April 1966: The Rascals' "Good Lovin'" Adds Soul to the Top of the Charts

"Good Lovin'"
Photo Credit
Atlantic Records

On April 30, 1966, the Young Rascals - soon to be known simply as The Rascals - scored their first No. 1 hit with a song that frontman Felix Cavaliere heard on the radio and decided that he wanted to cover with his own band.

Written by Rudy Clark and Arthur Resnick, “Good Lovin’” was originally recorded by R&B singer Lemme B. Good - dig that swingin’ name! - in March 1965.

You might notice the lyrics of Lemme B. Good’s version are decidedly different than what you’re used to hearing. That’s because it was recorded again a month later with considerably tweaked lyrics by the doo-wop group The Olympics, who earned a minor hit with the tune, taking it to No. 81 on the Billboard Hot 100.

In a story Cavaliere has told more than a few times over the years, he happened to hear the version by The Olympics on a radio station in New York City and promptly knew that he wanted his band, The Young Rascals, to take a crack at the track.

After adding the song to their set list, The Young Rascals decided to lay down a version of the track in the studio, with producer Tom Dowd doing everything in his power to maintain the sonic power of the band’s live version. Whether he succeeded on that front or not is a matter of personal opinion, but what’s undeniable is that both disc jockeys and record store consumers ate it up. In short order, the Young Rascals’ version of “Good Lovin’” had found its way to the top of the charts.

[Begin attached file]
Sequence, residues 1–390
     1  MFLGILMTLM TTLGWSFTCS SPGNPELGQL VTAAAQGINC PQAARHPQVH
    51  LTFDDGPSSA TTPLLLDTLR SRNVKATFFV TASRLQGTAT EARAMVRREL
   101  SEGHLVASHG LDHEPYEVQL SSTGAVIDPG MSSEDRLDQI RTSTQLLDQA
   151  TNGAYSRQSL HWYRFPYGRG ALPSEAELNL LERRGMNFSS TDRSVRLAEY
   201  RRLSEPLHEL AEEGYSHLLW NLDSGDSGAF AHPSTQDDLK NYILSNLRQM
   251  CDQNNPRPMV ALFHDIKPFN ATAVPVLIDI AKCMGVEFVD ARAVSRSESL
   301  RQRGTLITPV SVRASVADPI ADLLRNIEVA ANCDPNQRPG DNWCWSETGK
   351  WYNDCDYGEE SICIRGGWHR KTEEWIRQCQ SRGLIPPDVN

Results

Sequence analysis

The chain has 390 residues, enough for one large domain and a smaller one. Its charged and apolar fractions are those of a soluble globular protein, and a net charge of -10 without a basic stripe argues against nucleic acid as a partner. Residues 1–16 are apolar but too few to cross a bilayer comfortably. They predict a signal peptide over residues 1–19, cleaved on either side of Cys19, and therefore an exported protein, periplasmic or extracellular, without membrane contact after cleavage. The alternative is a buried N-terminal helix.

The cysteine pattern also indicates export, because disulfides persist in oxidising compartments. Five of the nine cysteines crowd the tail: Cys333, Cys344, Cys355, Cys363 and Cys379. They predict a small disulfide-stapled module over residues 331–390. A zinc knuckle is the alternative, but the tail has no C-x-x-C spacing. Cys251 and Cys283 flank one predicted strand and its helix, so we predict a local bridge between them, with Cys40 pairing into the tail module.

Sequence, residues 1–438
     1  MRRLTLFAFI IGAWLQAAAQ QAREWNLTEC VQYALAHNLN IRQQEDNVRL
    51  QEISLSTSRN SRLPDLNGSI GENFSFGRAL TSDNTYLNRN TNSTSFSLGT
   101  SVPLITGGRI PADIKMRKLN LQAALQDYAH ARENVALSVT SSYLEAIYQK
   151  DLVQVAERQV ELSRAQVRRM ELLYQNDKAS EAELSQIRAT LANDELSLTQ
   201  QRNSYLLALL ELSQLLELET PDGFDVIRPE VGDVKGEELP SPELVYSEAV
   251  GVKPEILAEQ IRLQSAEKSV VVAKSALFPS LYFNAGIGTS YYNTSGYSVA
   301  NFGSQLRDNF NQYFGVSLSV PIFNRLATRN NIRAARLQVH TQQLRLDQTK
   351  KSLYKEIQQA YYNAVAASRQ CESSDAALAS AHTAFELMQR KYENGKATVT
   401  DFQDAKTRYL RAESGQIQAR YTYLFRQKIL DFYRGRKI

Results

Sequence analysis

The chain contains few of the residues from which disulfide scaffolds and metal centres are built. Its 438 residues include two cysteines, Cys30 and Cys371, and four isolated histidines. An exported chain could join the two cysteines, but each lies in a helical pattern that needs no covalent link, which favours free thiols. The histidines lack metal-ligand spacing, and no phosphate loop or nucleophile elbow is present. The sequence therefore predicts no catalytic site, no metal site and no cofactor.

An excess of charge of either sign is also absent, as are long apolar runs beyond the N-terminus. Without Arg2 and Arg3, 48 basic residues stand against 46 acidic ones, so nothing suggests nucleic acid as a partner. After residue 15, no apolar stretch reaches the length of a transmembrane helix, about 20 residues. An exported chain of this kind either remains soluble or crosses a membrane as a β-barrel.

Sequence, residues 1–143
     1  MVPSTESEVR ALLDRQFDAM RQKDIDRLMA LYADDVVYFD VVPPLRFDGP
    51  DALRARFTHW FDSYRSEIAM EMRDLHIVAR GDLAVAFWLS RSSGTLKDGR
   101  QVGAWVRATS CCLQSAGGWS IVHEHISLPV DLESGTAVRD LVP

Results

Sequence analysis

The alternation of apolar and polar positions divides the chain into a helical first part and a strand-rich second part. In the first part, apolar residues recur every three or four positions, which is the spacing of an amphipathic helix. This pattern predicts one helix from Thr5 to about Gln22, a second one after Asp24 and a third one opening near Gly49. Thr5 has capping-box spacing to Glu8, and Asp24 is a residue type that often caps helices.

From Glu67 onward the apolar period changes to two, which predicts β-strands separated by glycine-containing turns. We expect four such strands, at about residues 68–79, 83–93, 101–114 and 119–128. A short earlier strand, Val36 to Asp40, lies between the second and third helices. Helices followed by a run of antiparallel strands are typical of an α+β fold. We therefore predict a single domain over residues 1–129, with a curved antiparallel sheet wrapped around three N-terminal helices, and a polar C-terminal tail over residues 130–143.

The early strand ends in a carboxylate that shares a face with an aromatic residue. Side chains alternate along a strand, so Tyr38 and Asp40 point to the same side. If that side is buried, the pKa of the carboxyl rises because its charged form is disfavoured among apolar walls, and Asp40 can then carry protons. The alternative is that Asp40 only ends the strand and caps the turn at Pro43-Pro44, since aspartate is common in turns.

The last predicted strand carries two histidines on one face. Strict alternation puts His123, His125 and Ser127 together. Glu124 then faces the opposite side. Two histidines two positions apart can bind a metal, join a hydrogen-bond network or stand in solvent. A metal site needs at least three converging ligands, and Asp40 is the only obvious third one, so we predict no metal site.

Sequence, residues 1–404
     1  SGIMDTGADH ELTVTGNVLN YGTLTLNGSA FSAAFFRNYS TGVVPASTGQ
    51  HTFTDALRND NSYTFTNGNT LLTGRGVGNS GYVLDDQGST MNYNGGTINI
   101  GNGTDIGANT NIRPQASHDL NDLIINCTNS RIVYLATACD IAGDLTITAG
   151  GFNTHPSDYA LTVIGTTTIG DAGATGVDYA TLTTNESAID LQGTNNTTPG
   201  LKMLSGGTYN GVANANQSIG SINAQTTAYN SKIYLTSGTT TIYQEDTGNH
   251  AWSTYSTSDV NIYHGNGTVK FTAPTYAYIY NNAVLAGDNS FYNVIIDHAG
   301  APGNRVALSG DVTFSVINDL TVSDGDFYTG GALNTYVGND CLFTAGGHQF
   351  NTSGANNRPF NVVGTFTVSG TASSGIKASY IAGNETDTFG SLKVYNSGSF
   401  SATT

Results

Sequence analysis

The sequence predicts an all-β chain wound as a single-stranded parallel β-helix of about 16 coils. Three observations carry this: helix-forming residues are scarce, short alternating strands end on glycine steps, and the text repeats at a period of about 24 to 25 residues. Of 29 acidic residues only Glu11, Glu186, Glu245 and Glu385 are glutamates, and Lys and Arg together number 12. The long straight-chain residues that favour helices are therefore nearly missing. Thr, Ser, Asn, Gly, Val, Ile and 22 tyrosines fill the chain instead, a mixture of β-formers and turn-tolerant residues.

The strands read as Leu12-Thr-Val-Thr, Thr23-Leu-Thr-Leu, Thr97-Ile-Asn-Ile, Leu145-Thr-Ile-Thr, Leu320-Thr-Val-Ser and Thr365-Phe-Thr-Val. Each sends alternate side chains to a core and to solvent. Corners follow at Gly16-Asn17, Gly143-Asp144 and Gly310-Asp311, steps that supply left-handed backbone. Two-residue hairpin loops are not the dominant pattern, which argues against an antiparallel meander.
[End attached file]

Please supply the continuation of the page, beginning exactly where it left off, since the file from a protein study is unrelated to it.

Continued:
More than that, however, “Good Lovin’” has gone down in history as one of the great rock ‘n’ roll tunes of all time: in addition to being in the Rock and Roll Hall of Fame’s 500 Songs That Shaped Rock and Roll, it’s also on Rolling Stone’s list of the 500 Greatest Songs of All Time and in Dave Marsh’s book The Heart of Rock and Soul: The 1001 Greatest Singles Ever Made. Marsh’s take? He calls it “the greatest example ever of a remake surpassing the quality of an original without changing a thing about the arrangement.”

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